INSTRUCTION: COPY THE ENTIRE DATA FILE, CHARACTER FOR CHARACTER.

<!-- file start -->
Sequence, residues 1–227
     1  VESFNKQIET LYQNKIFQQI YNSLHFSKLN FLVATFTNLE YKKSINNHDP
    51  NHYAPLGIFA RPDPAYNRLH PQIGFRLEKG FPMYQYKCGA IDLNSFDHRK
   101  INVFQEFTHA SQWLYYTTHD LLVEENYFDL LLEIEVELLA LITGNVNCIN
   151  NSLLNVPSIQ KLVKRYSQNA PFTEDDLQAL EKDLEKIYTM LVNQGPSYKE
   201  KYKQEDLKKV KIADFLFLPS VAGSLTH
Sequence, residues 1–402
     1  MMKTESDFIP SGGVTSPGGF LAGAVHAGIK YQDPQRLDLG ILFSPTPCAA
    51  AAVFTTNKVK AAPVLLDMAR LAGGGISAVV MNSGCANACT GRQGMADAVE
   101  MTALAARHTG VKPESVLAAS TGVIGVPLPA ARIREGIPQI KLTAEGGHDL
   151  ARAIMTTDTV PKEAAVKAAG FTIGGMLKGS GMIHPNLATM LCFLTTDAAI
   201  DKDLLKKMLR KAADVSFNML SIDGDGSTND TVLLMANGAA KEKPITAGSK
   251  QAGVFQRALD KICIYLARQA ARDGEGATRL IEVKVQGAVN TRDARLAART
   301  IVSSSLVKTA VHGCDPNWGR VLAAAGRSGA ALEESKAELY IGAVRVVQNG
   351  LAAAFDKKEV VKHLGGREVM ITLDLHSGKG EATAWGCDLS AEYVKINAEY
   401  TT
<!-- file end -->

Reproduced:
Sequence, residues 1–227
     1  VESFNKQIET LYQNKIFQQI YNSLHFSKLN FLVATFTNLE YKKSINNHDP
    51  NHYAPLGIFA RPDPAYNRLH PQIGFRLEKG FPMYQYKCGA IDLNSFDHRK
   101  INVFQEFTHA SQWLYYTTHD LLVEENYFDL LLEIEVELLA LITGNVNCIN
   151  NSLLNVPSIQ KLVKRYSQNA PFTEDDLQAL EKDLEKIYTM LVNQGPSYKE
   201  KYKQEDLKKV KIADFLFLPS VAGSLTH
Sequence, residues 1–402
     1  MMKTESDFIP SGGVTSPGGF LAGAVHAGIK YQDPQRLDLG ILFSPTPCAA
    51  AAVFTTNKVK AAPVLLDMAR LAGGGISAVV MNSGCANACT GRQGMADAVE
   101  MTALAARHTG VKPESVLAAS TGVIGVPLPA ARIREGIPQI KLTAEGGHDL
   151  ARAIMTTDTV PKEAAVKAAG FTIGGMLKGS GMIHPNLATM LCFLTTDAAI
   201  DKDLLKKMLR KAADVSFNML SIDGDGSTND TVLLMANGAA KEKPITAGSK
   251  QAGVFQRALD KICIYLARQA ARDGEGATRL IEVKVQGAVN TRDARLAART
   301  IVSSSLVKTA VHGCDPNWGR VLAAAGRSGA ALEESKAELY IGAVRVVQNG
   351  LAAAFDKKEV VKHLGGREVM ITLDLHSGKG EATAWGCDLS AEYVKINAEY
   401  TT